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Civil War



  • Kidada Williams on The Reconstruction that Wasn't

    In the new "I Saw Death Coming," Williams describes a "shadow Confederacy" that refused to cede freedom or dignity to African Americans who often lived far from the reach of a federal government that was unreliably committed to their protection. 



  • The 14th Amendment Should Put a Stop to Debt Ceiling Hostage Taking

    by Eric Foner

    The provisions of the Reconstruction Amendments dealing with the national debt were tied to the nation's short-lived commitment to interracial democracy in the South; today they offer the Biden administration a possible tool to use if Congress pushes to the brink of default. 



  • Masculinity and Trauma in War and Football

    by Sarah Handley-Cousins

    Sports have been cast as a (relatively) peaceful way of inculcating a set of masculine virtues otherwise associated with war. But the experience of injury and grief will continue to confound the rules of manhood—and football fans and citizens should pay attention. 


  • Teach the History Behind "Emancipation" with the Primary Sources

    by Alan J. Singer

    Antoine Fuqua and Will Smith's "Emancipation" has rediscovered the life of an enslaved man variously called Peter or Gordon, who had been made famous through an 1863 photograph. Here's how history teachers can use the primary records of his life to accompany the film. 



  • The Black Widows' Struggle for Civil War Pensions

    by Hilary Green

    Black women's struggles to claim pensions earned by their late husbands' service in the Union Army reflected the incomplete realization of freedom after emancipation and the intrusive controls the pension system and growing administrative state placed on Black families. 



  • Was the Civil War Inevitable?

    by David W. Blight

    As a growing number of Americans entertain the idea that dissolving the nation might be better than holding its incompatible parts together, it's worth revisiting the series of decisions that led to the Civil War, and to ask whether the nation has, or will, experience the equivalent of the Dred Scott decision. 



  • Was Emancipation Intended to Perpetuate Slavery by Other Means?

    by Sean Wilentz

    Protests movements have latched on to a misguided interpretation of the Thirteenth Amendment that argues it allowed and even encouraged the system of mass incarceration as an extension of slavery. A new global history extends that critique to the age of emancipation in general.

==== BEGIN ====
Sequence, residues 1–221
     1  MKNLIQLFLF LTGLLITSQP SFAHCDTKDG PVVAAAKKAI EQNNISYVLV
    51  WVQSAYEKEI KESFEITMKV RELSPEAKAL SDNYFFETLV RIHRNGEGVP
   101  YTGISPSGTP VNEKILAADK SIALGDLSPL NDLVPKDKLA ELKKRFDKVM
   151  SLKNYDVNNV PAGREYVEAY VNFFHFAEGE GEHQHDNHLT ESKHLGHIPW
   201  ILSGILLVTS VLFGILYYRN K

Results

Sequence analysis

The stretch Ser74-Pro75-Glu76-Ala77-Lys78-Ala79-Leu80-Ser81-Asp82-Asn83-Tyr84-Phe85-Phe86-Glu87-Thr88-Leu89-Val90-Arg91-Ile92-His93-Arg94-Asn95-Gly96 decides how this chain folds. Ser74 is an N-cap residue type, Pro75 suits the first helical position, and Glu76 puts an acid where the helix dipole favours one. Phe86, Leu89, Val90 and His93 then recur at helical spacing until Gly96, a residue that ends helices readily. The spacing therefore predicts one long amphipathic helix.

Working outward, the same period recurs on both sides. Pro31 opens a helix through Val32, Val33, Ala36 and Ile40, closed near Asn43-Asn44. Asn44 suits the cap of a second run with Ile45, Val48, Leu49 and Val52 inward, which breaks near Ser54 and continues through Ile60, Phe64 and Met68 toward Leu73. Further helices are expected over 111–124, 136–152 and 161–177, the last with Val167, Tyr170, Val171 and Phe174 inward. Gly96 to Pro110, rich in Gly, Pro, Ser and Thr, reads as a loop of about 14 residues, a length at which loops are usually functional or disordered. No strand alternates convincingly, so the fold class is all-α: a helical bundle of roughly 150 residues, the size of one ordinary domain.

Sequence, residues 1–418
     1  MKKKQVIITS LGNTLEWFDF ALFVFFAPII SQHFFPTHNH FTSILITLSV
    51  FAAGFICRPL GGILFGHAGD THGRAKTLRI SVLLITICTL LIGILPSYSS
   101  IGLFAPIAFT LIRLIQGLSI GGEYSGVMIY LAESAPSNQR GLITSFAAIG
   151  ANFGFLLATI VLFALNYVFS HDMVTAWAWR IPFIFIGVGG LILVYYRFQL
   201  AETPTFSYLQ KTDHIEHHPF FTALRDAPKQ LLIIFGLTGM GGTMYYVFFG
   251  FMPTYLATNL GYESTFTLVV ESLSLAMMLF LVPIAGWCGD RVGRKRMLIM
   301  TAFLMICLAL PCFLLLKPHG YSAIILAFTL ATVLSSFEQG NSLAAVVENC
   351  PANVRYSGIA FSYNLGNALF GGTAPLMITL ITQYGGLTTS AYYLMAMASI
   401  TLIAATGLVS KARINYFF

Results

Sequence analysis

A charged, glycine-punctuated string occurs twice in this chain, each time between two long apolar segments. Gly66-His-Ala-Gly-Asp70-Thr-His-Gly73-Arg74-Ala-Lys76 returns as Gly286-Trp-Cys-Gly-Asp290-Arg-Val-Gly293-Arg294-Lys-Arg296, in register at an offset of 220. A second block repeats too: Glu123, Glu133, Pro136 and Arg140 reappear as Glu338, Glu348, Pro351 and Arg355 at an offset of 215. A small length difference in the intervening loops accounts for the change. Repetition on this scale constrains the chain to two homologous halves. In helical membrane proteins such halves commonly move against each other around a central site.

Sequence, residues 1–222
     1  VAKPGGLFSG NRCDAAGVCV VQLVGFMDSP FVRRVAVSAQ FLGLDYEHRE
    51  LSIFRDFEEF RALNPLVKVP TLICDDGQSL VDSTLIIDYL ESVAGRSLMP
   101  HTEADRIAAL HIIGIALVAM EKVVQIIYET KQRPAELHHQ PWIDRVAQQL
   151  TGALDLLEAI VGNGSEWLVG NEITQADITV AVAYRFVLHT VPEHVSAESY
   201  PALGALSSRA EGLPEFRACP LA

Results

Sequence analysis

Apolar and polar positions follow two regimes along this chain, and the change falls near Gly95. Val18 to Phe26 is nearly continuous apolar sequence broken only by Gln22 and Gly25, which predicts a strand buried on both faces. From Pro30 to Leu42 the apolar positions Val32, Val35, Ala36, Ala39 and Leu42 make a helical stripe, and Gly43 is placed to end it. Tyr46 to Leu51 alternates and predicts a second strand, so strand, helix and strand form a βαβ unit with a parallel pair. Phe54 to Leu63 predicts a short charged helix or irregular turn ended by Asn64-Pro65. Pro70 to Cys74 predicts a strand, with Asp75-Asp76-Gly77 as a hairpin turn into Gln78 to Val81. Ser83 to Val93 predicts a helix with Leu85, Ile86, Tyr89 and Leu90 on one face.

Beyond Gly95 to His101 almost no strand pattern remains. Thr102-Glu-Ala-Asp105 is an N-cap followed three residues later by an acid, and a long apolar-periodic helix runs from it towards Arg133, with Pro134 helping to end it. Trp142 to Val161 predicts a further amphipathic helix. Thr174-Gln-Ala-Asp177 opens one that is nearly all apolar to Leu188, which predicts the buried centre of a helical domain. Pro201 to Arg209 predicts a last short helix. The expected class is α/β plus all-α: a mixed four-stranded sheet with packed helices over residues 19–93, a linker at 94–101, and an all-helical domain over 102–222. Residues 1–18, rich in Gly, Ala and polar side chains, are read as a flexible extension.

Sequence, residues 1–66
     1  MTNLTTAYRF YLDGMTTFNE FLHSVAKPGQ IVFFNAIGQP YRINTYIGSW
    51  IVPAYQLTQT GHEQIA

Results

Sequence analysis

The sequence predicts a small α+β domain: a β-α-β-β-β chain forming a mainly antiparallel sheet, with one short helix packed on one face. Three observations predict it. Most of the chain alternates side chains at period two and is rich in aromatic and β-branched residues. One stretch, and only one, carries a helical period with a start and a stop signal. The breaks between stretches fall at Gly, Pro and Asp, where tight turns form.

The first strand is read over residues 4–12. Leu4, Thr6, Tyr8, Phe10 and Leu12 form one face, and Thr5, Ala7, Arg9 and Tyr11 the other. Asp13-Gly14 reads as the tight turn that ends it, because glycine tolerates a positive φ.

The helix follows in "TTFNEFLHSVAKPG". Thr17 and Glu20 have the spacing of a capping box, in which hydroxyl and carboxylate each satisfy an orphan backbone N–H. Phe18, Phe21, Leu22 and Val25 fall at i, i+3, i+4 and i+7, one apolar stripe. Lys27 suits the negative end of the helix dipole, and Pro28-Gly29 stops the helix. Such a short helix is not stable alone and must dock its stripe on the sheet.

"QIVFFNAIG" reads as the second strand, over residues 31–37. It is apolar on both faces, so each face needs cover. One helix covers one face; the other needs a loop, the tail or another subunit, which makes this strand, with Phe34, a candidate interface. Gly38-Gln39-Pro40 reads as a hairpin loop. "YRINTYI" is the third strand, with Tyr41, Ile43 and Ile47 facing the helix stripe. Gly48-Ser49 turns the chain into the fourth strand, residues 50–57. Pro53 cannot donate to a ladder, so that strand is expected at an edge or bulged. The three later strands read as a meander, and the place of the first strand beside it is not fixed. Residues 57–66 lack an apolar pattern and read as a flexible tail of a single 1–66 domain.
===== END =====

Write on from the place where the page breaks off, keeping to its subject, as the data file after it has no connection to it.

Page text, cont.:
• Push Confederates Out of Gettysburg for Good

    by Kevin M. Levin

    Why are the forces that fought to preserve slavery, and who invaded the free state of Pennsylvania and kidnapped free Black Americans into slavery in 1863, allowed to march in Gettysburg's Remembrance Day parade? 


  • Healing a Divided Nation

    by Carole Adrienne

    From specialized trauma care to emergency transportation to board certification of physicians, when we encounter the medical system today, we are experiencing Civil War medicine. 



  • A Neighborly Civil War in Virginia over Street Names

    Leaders of a group of suburban Virginia homeowners who want to change the Confederate-related street names in their community have been accused of being puppets of George Soros and threatened. 



  • Lies We Teach to Kids about the Reconstruction Era

    by Ursula Wolfe-Rocca

    "The narrative of Reconstruction perpetuated by many state social studies standards is part of a longer and larger struggle over the past, the latest episode of which can be seen in a rash of new restrictions on what teachers can tell young people about our nation’s history.



  • Imagining Another Civil War is a Lost Cause (But That's Not Stopping People)

    by Richard Kreitner

    Journalist Stephen Marche presents scenarios under which the historical tensions among groups of Americans could openly rupture, but reviewer Richard Kreitner thinks some are unlikely, and don't grapple with the way that American institutions are implicated in the crisis of democracy.